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1. Oral exposure

In a 2-year feeding study on rats receiving various high levels of calcium silicate, terminal (24-months), Si tissue-levels were significantly increased in kidney and liver at dietary levels of 5 % [= NOEL] and higher, while at 1 % a positive trend was only distinguishable in the kidneys of male rats. No interim measurements had been performed, neither are there data about excretion [Columbia 1956].

Intestinal absorption of structure-analoguous SAS* appears to be insignificant as compared to the high doses applied in animals and humans: In the acute human oral ingestion test, the small apparent increases in the urine output of human volunteers – if any at all - were remarkably low as compared with the high dose of 2500 mg SiO2 applied (0.5 % within 4 days p.a.) [Lang 1966: see Degussa 1966].

2. Inhalation exposure

No experimental data about particle distribution and inhalation of calcium silicate is available. Based on structure-analogy, it is concluded that - under normal handling and intended use - particulate calcium silicate in air is hardly respirable and that inhaled particle will efficiently be cleared from the lung. Experimental information about SAS is summarised below:

2.1 Particle size distribution of the aerosols used in inhalation studies as compared with dusts under technical application:

The respirable fractions of the experimental SAS aerosols that consisted of particles with aerodynamic diameters of =<5 µm represented >=50 wt%, those consisting of particles with aerodynamic diameters of =<10 µm represented >80 wt%.

In the commercial products, that fraction of particles in the whole-size range of air-borne particles according to EN/DIN 481 that is potentially able to reach the thoracic and alveolar site is below 1 vol% (= wt%) (see: 4. Physical chemical properties_Particle characteristics; Chapter 4.5).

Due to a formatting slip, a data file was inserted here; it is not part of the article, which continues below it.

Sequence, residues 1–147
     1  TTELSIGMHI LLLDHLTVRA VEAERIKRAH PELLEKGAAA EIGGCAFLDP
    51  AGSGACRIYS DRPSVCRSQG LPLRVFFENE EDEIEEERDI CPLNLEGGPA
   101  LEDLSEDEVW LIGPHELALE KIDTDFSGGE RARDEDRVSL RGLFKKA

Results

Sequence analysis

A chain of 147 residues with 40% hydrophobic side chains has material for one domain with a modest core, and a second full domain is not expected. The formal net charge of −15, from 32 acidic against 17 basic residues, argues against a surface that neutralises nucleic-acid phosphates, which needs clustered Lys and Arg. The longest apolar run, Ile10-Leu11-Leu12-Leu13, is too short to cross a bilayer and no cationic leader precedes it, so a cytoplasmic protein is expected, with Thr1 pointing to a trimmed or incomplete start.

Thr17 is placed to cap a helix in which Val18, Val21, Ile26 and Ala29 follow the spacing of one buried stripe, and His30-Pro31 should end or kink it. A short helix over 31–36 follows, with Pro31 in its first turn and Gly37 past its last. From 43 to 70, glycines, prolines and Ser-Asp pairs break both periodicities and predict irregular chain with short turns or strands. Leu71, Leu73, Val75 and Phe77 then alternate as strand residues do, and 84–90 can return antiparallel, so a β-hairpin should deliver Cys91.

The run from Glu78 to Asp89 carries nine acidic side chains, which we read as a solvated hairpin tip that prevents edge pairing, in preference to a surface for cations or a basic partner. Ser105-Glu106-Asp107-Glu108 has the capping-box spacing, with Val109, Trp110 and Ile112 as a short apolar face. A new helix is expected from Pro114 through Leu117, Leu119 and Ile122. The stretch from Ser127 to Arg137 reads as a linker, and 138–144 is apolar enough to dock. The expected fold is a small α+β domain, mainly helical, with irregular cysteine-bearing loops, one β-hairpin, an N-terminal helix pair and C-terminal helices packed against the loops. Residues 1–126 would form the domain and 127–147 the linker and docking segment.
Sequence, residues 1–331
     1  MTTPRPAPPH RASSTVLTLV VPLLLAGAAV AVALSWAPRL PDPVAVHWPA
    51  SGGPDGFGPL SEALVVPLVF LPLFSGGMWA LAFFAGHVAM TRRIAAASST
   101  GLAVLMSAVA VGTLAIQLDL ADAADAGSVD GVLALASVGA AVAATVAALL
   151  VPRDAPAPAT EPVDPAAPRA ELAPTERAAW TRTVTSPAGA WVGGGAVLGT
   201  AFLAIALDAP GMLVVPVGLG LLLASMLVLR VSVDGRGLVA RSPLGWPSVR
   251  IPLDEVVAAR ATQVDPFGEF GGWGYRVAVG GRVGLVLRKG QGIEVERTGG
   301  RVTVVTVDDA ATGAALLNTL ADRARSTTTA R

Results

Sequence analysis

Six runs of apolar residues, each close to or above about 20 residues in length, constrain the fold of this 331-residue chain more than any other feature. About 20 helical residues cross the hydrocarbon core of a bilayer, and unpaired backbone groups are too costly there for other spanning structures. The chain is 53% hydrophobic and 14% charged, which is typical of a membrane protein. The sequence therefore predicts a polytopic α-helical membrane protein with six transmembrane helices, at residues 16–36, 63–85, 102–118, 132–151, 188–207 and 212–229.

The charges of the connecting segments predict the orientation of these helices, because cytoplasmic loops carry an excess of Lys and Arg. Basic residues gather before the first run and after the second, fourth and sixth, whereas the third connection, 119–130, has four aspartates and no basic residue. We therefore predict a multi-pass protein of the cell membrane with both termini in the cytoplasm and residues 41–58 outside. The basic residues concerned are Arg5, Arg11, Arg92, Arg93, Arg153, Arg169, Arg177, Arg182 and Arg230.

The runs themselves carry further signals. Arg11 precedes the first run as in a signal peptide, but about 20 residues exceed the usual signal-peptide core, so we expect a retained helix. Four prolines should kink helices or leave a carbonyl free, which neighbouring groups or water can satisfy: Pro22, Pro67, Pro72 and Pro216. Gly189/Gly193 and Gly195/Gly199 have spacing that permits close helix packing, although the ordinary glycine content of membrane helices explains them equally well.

2.2. Deposition in and elimination from lung tissue / NOAEC

Analytical data on the kinetics of silica deposition in the lung of experimental animals during and after prolonged exposure to respirable silica are largely consistent.

At respirable exposure concentrations of up to 30 mg/m3 for prolonged time, the initial uptake phase is characterized by relatively high deposition followed by a phase of low increase; there is no evidence of Si accumulation in the lung tissue.

Synthetic amorphous silicas are rapidly eliminated from the lung tissue: after an exposure period of 13 weeks (rat, 35 mg/m3), the elimination half-life from lung tissue can be estimated to be equal or less than 7 weeks [Degussa 1987].

On the other hand, crystalline silica - although inhaled at a more than 10fold lower concentration - persisted in the lung with no substantial decrease post-exposure [Johnston et al. 2000].

At the experimental NOAECof 1 mg SAS/m3(rat, 13 wk), 6/20 rats, about 30 %, showed a slight, but measurable increase in Si in the lung tissue 1 week post-exposure [see Degussa 1987]. With the elimination characteristics in mind, no accumulation during chronic exposure is supposed to occur.

Note: The efficient clearance may also be explained by the limited, but significant water solubility of amorphous silicas [see 4.8: READACROSS_Vogelsberger 2003/2004_SAS_solub,37°C,RL1]. The clearance of SAS by dissolution is estimated to be at least 20 times faster than particulate clearance by macrophages [see ECETOC 2006, Chapter 7, p. 79]. This can be assumed to apply for calcium silicate, too, which also shows significant but limited solubility in water.



ECETOC (2006): Synthetic Amorphous Silica (CAS No. 7631-86-9). JACC Report No. 51, European Centre for Ecotoxicology and Toxicology of Chemicals, Brussels, September 2006